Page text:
Pickled Pair: Why I love junk food
Exposed foodie blogger Helen Davies AKA Pickled Pair takes a look at the new movement tackling food waste – the Real Junk Food Project.
Food waste. Everyone’s talking about it, right? I mean, it’s just so terrible – good food being chucked away for no apparent reason. And it’s no-ones fault. It’s not you. It’s me. Or us. Even Them. Households, manufacturers, restaurants, retailers. Sadly, the UK is seen as the worst offender in the EU ditching around 15 million tonnes of food every year. Or put another way, three wheelie bins of edible food per person. That’s a lot of tea.
But so what? We’ve all got food in our bellies. We can’t be expected to use everything we buy, and eat everything we try. That’s life. Deal with it.
Umm, well, actually, if you stop and think about it, it’s all a bit rubbish really, isn’t it? I mean, since when did food become such a throw away commodity? Probably since supermarkets started controlling much of the UK’s (and beyond) food production, rejecting good stuff because it isn’t the right size or shiny enough or round enough or sweet enough. And probably because, proportionally, households now spend significantly less on food than they did a generation ago. And don’t get me on to use-by dates – what a cunning trap – we don’t recognise half the ingredients in the product we’ve just bought, so, of course, we are bound to chuck it when we are told to by those who know better.
Increasingly, we are all starting to get a little bit disturbed by all this garbage. In fact some of us are actually trying to doing something about it. Cue blossoming local legend, Jo Hercberg, director of The Real Junk Food Project in Sheffield, getting the word out across our seven hills that junk food ain’t all that bad.
We caught up with Jo after volunteers created some good-waste-tucker at the latest pop-up in Sharrow to find out what’s going on.
Tell us about The Real Junk Food Project Sheffield, Jo.
The Real Junk Food Project Sheffield is a voluntary run food waste campaign. We take surplus and excess foods and turn it into meals for people on a pay-as-you-feel basis. People can pay using a monetary donation or a different contribution such as their time or skills.
We like the circular-economy vibe going on here – where did you get the idea?
The concept originates from Leeds where the first pay-as-you-feel cafe opened in December 2013. Since then the growing network has saved over 100 tonnes of food from landfill and fed 58,000 people with nutritious meals.
So, are you a charity or a business or both?
The Real Junk Food Project Sheffield is a not-for-profit social enterprise. We have three directors, headed up by myself, and a large group of wonderful and active volunteers. We are not a charity but we are part of The Real Junk Food Project network which is headed up by their charitable foundation.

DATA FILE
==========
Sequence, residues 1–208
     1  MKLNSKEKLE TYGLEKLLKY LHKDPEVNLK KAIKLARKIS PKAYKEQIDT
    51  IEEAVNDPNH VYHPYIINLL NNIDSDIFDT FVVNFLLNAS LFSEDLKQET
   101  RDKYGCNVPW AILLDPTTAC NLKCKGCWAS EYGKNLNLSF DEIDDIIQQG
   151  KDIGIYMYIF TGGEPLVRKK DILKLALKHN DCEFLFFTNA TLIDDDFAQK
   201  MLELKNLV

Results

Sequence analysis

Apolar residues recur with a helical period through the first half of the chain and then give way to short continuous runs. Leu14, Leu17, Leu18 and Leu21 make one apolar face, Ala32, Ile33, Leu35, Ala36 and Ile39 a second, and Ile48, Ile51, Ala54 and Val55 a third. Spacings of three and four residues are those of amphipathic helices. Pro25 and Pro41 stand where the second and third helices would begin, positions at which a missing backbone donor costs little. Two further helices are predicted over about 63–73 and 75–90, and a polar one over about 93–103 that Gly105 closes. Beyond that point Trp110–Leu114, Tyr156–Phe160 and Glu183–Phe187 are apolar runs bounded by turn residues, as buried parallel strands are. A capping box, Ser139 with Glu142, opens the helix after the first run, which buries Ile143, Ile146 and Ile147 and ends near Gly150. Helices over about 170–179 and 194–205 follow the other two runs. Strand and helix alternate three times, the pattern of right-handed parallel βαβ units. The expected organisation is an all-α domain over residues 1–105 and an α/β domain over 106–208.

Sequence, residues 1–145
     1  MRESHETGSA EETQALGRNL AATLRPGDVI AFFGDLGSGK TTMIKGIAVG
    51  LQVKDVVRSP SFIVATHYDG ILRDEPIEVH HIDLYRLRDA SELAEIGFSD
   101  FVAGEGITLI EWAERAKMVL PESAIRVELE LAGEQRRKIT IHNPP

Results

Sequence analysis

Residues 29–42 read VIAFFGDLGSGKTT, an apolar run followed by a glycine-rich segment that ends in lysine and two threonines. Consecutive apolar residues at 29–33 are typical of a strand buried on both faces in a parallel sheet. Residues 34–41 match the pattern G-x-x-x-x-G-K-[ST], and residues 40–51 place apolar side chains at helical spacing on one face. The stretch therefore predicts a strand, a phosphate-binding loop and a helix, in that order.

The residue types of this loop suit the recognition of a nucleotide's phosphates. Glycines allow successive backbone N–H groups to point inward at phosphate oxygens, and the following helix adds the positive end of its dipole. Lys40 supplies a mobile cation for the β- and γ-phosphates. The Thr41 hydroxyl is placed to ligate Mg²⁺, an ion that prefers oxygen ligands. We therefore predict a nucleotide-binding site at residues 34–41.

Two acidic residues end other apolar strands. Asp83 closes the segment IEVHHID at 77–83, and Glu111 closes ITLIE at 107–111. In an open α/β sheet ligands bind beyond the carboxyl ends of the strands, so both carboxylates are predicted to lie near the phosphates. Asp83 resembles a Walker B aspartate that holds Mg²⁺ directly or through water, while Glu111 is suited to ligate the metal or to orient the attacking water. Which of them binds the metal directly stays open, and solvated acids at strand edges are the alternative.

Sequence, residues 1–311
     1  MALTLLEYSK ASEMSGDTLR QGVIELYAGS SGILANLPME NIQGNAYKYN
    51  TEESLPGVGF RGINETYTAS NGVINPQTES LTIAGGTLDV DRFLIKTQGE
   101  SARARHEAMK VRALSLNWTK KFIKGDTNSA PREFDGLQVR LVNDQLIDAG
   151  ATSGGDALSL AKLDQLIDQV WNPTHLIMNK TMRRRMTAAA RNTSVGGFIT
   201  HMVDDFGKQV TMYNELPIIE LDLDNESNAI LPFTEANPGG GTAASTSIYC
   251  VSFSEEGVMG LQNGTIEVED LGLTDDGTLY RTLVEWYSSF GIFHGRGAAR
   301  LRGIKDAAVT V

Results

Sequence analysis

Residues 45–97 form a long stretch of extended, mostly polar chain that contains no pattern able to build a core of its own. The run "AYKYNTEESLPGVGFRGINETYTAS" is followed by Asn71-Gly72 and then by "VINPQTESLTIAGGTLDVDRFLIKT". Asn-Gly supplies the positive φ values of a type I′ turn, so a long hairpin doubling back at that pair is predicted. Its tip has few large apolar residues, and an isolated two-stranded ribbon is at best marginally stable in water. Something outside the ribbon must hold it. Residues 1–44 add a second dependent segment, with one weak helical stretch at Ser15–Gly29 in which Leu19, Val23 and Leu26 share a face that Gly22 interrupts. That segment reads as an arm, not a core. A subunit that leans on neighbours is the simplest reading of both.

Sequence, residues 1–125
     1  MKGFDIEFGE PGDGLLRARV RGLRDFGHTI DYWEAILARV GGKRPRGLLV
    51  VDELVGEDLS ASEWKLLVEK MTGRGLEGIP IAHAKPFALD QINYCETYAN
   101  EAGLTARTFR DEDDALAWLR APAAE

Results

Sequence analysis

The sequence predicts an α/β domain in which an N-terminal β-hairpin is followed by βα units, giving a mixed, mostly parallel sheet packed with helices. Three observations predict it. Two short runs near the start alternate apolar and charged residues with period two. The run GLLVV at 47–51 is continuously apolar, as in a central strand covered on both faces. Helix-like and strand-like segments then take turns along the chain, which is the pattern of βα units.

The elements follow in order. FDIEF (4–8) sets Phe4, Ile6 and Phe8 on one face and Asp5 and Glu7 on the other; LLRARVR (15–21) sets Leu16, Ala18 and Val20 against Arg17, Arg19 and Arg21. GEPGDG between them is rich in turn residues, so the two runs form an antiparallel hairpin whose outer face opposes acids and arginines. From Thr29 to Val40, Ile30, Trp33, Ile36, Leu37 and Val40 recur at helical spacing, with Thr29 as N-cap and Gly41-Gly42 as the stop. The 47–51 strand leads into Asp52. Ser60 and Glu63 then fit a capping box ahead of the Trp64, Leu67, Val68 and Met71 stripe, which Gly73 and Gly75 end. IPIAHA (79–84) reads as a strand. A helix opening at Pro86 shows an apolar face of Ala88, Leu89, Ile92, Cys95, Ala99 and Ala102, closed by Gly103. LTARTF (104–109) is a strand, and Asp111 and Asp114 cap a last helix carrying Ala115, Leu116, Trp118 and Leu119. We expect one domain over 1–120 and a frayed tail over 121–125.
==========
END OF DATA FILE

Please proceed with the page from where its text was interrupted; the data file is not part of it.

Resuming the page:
What inspired you personally to go gunning for the trash?
I absolutely love food and cooking and always have. My Grandma taught me to cook very early on and being a Rotherham lady with five sons she certainly knew how to make use of all food available. Going to university in 2001 made me aware that not everyone has the same experience with home-cooking. I was aware of the movement in Leeds and read an article online one Saturday afternoon, so I got in touch with the founder Adam Smith who gave me lots of help and information and before I knew it the first pop-up was organised!
Being a city with a village feel, Sheffield felt perfect for such a community spirited project and I couldn’t believe we didn’t already have it here. I’ve lived here since 2001 and I wanted to give something back to the City that’s become my home.
What have you been up to and where are you at?
We started in May this year, and have been very fortunate as the good people of Sheffield have welcomed the initiative with open arms! Sheffield University’s Students Union, Food Aware CIC, Sheaf Training, Grace Food Bank, Food Cycle, Sheffield on a Plate, The Grantham Centre, S6 Food Bank, Banana Bob, Forge Bakehouse, Stretti, Beanie’s, Sainsbury’s Local, Picture House Social and countless individuals have all jumped on board. Each pop-up has run with over 20 volunteers and we’re getting daily requests from people wanting to be involved. One of our volunteers has even managed to source pretty much our whole ‘wish-list’ from Streetlife, Gumtree and Freecycle!
We’ve been really busy working to raise awareness of the project in Sheffield, sourcing equipment, and building networks with food businesses and other useful contacts – The Real Junk Food Project really does bring the best out in everyone and we’ve been blown away by the support we’ve had already.
First and foremost we want to raise awareness of how much food is wasted every single day. By reporting how much food we save and how many people this can feed we want people to start questioning how sustainable food production really is.
Over the next 12 months we will run at least one pop-up per month in a different area of Sheffield to bring the project to new areas and to encourage and enable communities to set up their own.
But what we really need to make a difference every day is to secure a van and a venue so that we can run our own cafe and collect and store food donated.
If you want to get involved with The Real Junk Food Project Sheffield give them a follow on Twitter @realjunkfoodS8 find them on Facebook/RealJunkFoodSheffield – or better still go see them at their next pop-up on Saturday August 29 at The Burton Street Foundation in Hillsborough from 6-8pm.
For more from Helen Davies follow on Twitter @Pickled_Pair.